11/13/2011

Royals lead the nation in remembrance

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Camilla, Duchess of Cornwall, left, Catherine, Duchess of Cambridge and Sophie, Countess of Wessex attend the Remembrance Sunday ceremony at the Cenotaph in London. (Reuters)

The Royal Family gathered in London on Sunday to lead Britain in its annual Remembrance Sunday in tribute to the country's war dead.

The Queen, wearing a black coat adorned with a cluster of poppies, led the procession, followed by the immediate family members: Duke of Edinburgh, Prince Charles,Prince William, Prince Andrew, Princess Anne and the Duke of Kent. Absent was Prince Harry, who is still in the U.S., where he is doing military training.

Watching from the balcony at Whitehall were the duchesses of Cornall, Cambridge and Wessex. It was the first Remembrance ceremony for Kate as a member of the Royal Family. Her grandfather, Peter Middleton, trained pilots in Calgary during the war. He died last year at age 90.

This year marks the first time since Remembrance ceremonies began that there are no veterans of World War I. The last known WWI veteran, British-born Claude Choules, died in May in Australia at age 110. Canada's last veteran of the Great War, John Babcock, died in February 2010 at age 109.

The service at the Cenotaph was the centre of observances held across Britain and at their military posts worldwide.

The royals were joined by thousands of servicemen and an appreciative crowd that applauded the veterans who marched to the Cenotaph.

One group of women sang along as the band belted out popular old army marching songs, AP reported. "Pack up your troubles in your old kit-bag, and smile, smile, smile," they sang, one wiping tears from her eyes.

The Queen placed the first wreath at the foot of the memorial, followed by Prince Philip, Charles and William, all wearing their military uniforms.

As Big Ben struck 11 a.m, heads were bowed for two minutes of silence.

The Queen was joined by Prime Minister David Cameron and several former prime ministers, including Tony Blair and John Major.

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Chelsea Pensioners march past the Cenotaph during the annual Remembrance Sunday ceremony in London Nov. 13, 2011. About 7,500 veterans marched to the memorial. (Reuters)

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Prince William, Duke of Cambridge attends the Remembrance Day ceremony at the Cenotaph. (Getty Images)

2011-11-13T143710Z_01_EDY18_RTRMDNP_3_ROYALSQueen Elizabeth closes her eyes during the annual Remembrance Sunday ceremony at the Cenotaph. (Reuters)

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Queen Elizabeth lays a wreath at the foot of of the Cenotaph. (Reuters)

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Thousands gathered in London at the Cenotaph to honour Britain's war dead. (Getty Images)

 

 

LONDON (AP) — Queen Elizabeth II led thousands of veterans and civilians in a tribute to the country's war dead at the annual Remembrance Sunday ceremony.

The service at central London's Cenotaph war memorial, held on a sunny autumn morning, is a focal point of nationwide observances to honor those who lost their lives in fighting. Similar ceremonies were held in dozens of towns and cities throughout Britain and military outposts in Afghanistan and around the world.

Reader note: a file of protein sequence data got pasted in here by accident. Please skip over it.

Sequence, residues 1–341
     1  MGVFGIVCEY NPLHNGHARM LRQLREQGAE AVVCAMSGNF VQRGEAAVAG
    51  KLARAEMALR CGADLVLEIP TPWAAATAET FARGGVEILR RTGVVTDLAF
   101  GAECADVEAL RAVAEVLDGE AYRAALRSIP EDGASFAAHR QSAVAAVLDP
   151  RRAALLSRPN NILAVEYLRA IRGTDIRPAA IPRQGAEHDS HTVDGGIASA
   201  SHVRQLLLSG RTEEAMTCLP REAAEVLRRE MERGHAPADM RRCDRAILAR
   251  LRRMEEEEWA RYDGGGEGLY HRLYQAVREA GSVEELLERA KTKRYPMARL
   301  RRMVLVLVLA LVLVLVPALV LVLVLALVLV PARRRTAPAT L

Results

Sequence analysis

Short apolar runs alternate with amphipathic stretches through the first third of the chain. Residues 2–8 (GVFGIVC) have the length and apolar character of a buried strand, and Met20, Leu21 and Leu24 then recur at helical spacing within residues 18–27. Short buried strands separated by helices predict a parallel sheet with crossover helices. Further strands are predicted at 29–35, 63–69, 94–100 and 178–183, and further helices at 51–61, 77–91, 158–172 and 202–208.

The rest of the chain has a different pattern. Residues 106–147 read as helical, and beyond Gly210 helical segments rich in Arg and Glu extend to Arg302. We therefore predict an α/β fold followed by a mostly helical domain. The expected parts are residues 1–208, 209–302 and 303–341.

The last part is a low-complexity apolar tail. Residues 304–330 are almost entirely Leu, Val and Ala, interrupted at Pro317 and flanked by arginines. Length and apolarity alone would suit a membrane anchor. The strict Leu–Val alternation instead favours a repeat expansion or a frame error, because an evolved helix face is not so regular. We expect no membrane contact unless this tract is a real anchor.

The queen placed the first wreath at the foot of the memorial then bowed in front of the Cenotaph, with its inscription honoring "The Glorious Dead." She was followed by her husband, Prince Philip, her son, Prince Charles, and grandson Prince William.

From a nearby balcony, William's wife, the Duchess of Cambridge, looked on with other royal women.

The ceremony takes place every year on the nearest Sunday to the anniversary of the end of World War I on Nov. 11, 1918, although the day now also pays tribute to the dead in all conflicts, including World War II and Afghanistan.

The royals were joined by thousands of servicemen and well-wishers who lined the sidewalks to applaud aging veterans as they marched past. Many of those watching were dressed in formal hats, suits and ties for the occasion, and almost everyone wore a red poppy — the official symbol of remembrance — on their lapel.

The crowds stood solemn and hushed as the military band played patriotic songs, and as the clock struck 11 a.m. all bowed their heads to observe a traditional two-minute silence, broken by a single artillery blast.

For veteran Steve Orton, those two minutes of reflection are the most poignant moments of the day.

"It's just being quiet," said Orton, 70, who served in places including Afghanistan and Ireland. "It's also quite emotional — it brings back a lot of memories."

A few feet away, a group of women sang along as the band belted out popular old army marching songs. "Pack up your troubles in your old kit-bag, and smile, smile, smile," they sang, one wiping at her eyes as she looked on at the marching veterans.

For the first time, the events took place without a veteran of World War I. In May, the world's last known combat veteran of that war, Claude Choules, died in Australia aged 110.

The services were held as British troops continue to face hazardous operations in Afghanistan.

The queen was joined by Prime Minister David Cameron and opposition party leaders and several former prime ministers, including Tony Blair and John Major.

Britain observed two minutes' silence Friday to mark Armistice Day, and the English soccer team Saturday wore poppies on armbands to show support.

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